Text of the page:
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Workshop in Naples educates people on invasive species in forests and what to do about them

During a walk and workshop in Naples last Friday, Matt Gallo, an expert on terrestrial invaders, educated people on what else there is invading nature aside from just the gypsy moths.

The event was sponsored by the Canandaigua Lake Watershed Association and people learned how to submit photos of invasive species with an app called iMapInvasives. Participants learned about maples, knotweed, garlic mustard and multiflora rose which are all invasive species in the local area.

Gallo, a terrestrial invasive species outreach coordinator for Finger Lakes PRISM, explained that invasive plants that crowd out trees are causing an issue for future forests: they are not letting new trees grow.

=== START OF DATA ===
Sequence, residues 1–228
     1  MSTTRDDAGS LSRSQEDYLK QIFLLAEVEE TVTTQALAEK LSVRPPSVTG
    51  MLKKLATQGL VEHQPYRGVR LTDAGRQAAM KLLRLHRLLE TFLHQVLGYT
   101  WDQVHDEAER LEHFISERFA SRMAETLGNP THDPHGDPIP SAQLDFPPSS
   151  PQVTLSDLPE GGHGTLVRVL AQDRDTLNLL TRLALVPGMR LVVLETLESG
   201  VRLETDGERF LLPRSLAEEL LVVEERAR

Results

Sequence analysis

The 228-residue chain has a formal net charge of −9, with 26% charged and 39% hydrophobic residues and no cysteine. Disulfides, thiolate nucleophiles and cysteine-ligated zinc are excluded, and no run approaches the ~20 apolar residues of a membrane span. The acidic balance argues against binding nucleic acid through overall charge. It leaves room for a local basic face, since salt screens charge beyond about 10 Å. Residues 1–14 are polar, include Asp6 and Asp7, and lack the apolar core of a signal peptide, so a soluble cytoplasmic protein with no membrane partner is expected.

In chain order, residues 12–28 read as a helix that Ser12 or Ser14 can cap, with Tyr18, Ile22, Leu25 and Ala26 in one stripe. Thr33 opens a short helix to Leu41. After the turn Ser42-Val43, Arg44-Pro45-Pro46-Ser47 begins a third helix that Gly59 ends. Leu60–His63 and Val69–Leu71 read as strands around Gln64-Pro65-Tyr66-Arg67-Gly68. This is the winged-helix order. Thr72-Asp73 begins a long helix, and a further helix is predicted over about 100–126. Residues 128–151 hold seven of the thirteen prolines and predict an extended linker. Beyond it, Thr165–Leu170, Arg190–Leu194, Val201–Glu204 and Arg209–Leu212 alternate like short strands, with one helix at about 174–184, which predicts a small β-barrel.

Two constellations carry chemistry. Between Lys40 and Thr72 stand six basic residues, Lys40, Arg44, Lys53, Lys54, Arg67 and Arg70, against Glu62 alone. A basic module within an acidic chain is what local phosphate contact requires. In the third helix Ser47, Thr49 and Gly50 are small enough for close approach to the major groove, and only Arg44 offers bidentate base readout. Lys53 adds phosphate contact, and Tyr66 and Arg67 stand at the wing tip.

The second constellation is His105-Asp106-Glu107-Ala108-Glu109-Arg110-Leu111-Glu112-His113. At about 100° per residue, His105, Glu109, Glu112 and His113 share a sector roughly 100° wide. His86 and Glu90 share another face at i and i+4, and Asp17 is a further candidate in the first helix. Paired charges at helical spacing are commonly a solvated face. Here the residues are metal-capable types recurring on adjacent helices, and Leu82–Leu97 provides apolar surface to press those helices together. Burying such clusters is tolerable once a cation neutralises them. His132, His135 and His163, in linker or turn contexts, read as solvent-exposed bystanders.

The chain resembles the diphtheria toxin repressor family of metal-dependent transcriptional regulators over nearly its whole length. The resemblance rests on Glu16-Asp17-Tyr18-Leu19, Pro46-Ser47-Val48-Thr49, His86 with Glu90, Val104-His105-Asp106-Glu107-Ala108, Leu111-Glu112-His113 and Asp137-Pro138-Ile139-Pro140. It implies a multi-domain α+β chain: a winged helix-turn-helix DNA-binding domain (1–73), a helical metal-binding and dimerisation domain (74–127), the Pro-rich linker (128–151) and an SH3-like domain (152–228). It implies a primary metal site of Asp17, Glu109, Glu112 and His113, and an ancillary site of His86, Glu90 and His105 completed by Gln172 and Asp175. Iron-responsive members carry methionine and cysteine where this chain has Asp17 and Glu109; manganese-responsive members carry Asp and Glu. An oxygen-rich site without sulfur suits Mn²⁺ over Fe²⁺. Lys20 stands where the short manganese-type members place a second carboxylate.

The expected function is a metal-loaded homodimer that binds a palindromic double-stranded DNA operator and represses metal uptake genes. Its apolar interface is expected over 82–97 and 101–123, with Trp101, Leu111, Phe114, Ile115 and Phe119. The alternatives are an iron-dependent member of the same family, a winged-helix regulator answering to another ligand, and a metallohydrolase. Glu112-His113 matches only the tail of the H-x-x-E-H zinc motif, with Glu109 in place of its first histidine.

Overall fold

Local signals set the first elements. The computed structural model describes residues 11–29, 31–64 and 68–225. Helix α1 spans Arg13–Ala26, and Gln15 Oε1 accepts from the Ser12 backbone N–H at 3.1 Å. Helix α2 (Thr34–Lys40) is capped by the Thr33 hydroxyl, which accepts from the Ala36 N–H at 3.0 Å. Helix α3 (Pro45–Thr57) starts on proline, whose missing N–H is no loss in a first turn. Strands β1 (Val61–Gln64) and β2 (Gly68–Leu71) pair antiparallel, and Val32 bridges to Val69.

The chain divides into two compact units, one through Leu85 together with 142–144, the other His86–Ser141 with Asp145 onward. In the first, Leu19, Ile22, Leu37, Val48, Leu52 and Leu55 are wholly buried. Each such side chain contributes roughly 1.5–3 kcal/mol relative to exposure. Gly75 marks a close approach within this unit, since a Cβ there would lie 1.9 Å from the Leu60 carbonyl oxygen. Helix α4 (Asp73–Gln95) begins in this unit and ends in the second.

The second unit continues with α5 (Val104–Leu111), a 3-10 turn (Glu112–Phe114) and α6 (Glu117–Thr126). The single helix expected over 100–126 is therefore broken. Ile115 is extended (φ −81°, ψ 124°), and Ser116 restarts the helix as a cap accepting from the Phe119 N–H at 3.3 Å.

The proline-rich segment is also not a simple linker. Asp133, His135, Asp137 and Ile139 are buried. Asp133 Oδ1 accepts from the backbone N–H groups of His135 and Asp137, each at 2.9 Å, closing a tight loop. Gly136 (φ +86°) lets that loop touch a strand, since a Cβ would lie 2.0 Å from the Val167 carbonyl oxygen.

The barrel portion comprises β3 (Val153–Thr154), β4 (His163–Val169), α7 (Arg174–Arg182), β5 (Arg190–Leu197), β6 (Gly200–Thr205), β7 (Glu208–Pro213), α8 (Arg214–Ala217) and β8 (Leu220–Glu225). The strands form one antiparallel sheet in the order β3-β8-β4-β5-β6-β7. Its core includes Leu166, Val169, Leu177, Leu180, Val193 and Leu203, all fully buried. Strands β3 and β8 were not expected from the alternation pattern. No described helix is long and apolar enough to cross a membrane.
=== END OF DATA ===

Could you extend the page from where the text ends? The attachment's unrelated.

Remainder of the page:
By not having new trees to replace the old ones, it has a domino effect on the ecosystem. He explained that animals won’t be able to get nutrition, the economy could suffer due to lack of lumber and that would result in a struggle to build things like furniture or houses.

The workshop helped to show people exactly how to identify and invasive species and tell it apart from good species the ecosystem needs. It helped to inform people of the negative effects that could potentially happen if trees aren’t growing and it also informed participants on positive ways to control invasive species like controlled burns or pesticides.

More information about PRISM and iMapInvasives is available through their website.



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